La Catedral de Navarra La Fabada de Casa Gerardo 360g
Simple Spanish Pleasures
Casa Gerardo has been preparing classic Asturian dishes in Prendes, Spain since 1882 and has more than earned its first Michelin star. With the help of the team from La Catedral, their flavorful bean stew comes right out of their kitchen to your table.
TASTING NOTES FROM THE CURATOR
Fabada is an Asturian classic, a hot and heavy dish commonly eaten in the cold winter months. It’s made of butter beans stewed with chorizo and morcilla sausages, pork shoulder, slab bacon, and a few other cuts of Asturian pig. The fabada has a comforting heat to it, peppery and not quite spicy, but warming from throat to belly.
While most fabada in Asturias is considered rustic and robust across the board, Casa Gerardo’s version is lighter and more delicate, with a buttery, nutty flavor. It has been on the menu of Casa Gerardo for nearly all 140 years of the restaurant’s existence, making it truly a regional treasure. Those in the know consider it the best fabada in Spain.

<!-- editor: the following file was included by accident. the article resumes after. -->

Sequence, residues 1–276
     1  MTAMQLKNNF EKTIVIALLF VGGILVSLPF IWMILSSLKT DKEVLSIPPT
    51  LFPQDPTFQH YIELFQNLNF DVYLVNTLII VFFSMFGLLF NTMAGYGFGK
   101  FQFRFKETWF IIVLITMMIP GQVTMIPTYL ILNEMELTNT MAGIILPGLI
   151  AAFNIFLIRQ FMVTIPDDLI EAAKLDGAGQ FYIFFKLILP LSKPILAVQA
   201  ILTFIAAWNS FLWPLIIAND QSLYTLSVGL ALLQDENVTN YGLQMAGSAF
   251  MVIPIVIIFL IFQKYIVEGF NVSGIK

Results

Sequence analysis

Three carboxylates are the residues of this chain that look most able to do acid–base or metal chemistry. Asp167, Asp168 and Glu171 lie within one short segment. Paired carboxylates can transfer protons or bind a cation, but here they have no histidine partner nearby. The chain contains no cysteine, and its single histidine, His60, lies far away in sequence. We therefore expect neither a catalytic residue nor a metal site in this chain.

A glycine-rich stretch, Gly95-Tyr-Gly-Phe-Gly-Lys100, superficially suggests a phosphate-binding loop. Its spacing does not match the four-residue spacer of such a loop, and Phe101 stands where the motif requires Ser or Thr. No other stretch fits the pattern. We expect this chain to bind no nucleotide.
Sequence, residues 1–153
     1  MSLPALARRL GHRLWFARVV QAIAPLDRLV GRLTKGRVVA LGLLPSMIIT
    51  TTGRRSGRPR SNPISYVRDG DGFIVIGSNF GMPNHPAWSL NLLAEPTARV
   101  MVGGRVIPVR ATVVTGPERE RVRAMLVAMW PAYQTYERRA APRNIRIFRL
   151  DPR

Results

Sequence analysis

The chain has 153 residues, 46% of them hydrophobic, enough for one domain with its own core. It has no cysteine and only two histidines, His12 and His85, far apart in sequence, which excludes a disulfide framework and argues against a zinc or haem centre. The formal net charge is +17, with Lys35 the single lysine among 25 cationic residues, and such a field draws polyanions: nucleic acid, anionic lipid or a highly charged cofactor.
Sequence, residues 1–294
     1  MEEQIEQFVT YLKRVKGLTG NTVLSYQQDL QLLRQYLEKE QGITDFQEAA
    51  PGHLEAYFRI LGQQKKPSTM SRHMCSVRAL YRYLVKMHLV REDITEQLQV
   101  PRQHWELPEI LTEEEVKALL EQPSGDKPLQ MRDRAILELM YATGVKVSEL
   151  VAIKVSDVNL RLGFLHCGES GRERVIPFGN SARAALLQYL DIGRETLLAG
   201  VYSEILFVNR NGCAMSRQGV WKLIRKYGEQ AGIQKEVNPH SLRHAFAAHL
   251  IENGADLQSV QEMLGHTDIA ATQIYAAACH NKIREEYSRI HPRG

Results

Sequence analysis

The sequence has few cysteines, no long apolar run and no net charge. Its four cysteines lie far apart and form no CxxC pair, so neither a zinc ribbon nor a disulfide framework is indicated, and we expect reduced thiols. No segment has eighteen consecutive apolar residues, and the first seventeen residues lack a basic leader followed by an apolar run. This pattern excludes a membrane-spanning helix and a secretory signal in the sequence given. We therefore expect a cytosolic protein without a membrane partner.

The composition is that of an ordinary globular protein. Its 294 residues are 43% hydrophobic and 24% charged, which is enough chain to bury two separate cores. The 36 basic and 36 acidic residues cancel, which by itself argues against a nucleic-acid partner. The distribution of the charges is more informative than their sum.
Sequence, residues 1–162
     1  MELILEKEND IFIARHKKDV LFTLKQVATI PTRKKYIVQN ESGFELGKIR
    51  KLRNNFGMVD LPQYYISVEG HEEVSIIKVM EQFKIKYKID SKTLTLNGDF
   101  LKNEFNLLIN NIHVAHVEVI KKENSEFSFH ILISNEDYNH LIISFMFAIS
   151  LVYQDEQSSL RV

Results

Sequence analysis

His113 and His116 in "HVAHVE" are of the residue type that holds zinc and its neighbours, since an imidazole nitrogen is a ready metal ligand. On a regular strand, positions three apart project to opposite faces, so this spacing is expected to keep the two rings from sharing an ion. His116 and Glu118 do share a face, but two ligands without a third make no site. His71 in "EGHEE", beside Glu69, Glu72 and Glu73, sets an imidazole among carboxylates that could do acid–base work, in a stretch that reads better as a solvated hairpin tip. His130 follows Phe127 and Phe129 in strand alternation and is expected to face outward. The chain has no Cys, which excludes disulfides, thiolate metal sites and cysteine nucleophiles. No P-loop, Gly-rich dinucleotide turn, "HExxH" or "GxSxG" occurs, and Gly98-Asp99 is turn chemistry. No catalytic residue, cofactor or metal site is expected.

PREPARATION OR PAIRINGS
Fabada can be eaten as a starter — a light accompaniment to breakfast — or, as the Asturians prefer, a hearty, heavy lunch. Traditionally, it’s eaten with compagno (country-style spiced sausage) and croquetas. Because of its heavy heat, this dish requires equally weighty wine for company, like a Tempranillo or any other blend of Ribera del Duero DO grapes. And if wines are too rich for your chosen mealtime, a crisp cider makes a fine autumnal-tasting partner.
To prepare the Fabada, warm the jar in a bain-marie or heated bath so as not to break the beans, pour the contents into a saucepan and heat over a high flame. Do not microwave.
WITH LOVE, FROM NAVARRE
From mothers and grandmothers preserving vegetables, pâtés, and casseroles for their children during the last century’s Civil War, to preparations to make the bounty of a harvest last through several seasons, the people of the Navarre riverside took their communal work seriously. When Petra Lopez started a small jar-sealing business in Mendavia, her entire family pooled together to obtain the best vegetables and other foodstuffs that they could preserve — all in the Asturian tradition. And that is how La Catedral de Navarra was born.
Store in a cool dry place.